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Two Russians Stuck in India Over Visa Quandary

The entrance to the city of Puttaparthi, India.

Two Russians have been barred from leaving India for the past three years following the Indian authorities' refusal to grant them exit visas.

Tatyana Kondratiyeva, 51, and her mother Olga, 77, have been living in India without visas since 2002, according to a spokesperson from Russia's General Consulate in Chennai.

"We have tried to help them," the spokesperson told The Moscow Times. "But they have not helped themselves. They have not provided Indian authorities with the proper documents to obtain an exit visa. They want everything to be done for them."

Tatyana and Olga Kondratiyeva first came to India in 2002 to volunteer at the Sai Baba Ashram, a monastic community in the city of Puttaparthi, about 400 kilometers northwest of Chennai.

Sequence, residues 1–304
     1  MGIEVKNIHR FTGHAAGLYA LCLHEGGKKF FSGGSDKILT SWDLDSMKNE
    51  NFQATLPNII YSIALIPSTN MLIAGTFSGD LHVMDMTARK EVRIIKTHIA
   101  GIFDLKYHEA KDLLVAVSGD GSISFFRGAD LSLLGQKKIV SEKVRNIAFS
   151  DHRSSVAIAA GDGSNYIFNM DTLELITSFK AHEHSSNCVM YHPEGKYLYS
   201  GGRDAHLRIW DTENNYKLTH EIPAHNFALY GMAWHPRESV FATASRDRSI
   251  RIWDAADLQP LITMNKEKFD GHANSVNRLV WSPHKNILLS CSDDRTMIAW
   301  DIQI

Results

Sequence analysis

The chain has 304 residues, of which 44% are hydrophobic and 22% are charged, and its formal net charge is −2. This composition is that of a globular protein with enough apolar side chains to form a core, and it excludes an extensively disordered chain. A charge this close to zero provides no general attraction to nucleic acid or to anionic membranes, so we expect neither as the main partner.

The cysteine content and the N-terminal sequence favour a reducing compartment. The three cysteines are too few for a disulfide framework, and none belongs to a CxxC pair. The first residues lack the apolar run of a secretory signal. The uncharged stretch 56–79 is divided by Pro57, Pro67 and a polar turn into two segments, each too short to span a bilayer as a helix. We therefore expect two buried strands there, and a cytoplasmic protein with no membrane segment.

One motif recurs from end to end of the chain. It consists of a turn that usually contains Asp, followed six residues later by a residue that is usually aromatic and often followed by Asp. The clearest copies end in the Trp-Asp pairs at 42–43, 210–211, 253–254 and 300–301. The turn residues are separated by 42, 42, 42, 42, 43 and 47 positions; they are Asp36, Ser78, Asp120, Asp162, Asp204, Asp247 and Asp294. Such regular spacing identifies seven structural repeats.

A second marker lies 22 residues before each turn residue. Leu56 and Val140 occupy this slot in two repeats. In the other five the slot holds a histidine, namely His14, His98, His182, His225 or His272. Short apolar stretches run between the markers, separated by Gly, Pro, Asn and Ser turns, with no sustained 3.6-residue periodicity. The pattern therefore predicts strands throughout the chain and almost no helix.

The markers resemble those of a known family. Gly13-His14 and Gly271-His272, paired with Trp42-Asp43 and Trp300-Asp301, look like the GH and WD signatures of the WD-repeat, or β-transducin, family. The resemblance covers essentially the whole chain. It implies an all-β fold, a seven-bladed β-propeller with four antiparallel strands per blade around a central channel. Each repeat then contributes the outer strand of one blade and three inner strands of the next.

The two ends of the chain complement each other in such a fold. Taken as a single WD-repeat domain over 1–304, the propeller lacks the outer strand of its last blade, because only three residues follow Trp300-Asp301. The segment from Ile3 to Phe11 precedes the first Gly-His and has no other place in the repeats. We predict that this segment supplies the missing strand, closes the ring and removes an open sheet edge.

"Living in the ashram without a visa was a very common practice among the community," Briton Daniel Lindsay, Olga's common-law husband, said by telephone. "This was tolerated by Indian authorities because they were volunteers. It was only a few years ago that the practice was no longer accepted and that Tatyana and Olga got stuck."

The women were also detained at an Indian private medical facility for five months, Lindsay said.

British member of parliament Dr. John Pugh and Brian Simpson, Chairman of the European Parliament's Transport and Tourism Committee, have written letters to the Russian Ambassador to Britain, Alexander Yakovenko, about the case.

"We are hoping that the letters will get to Russian Foreign Minister Sergei Lavrov and that he will say 'enough is enough,'" Lindsay said.

Lindsay will be heading to India in the next few weeks to try to resolve the situation. He is also currently working on getting the women British visas.

The Indian Foreign Ministry's office in Chennai could not be reached for comment.

See also:

A (Not So) Russian Winter in Goa, India

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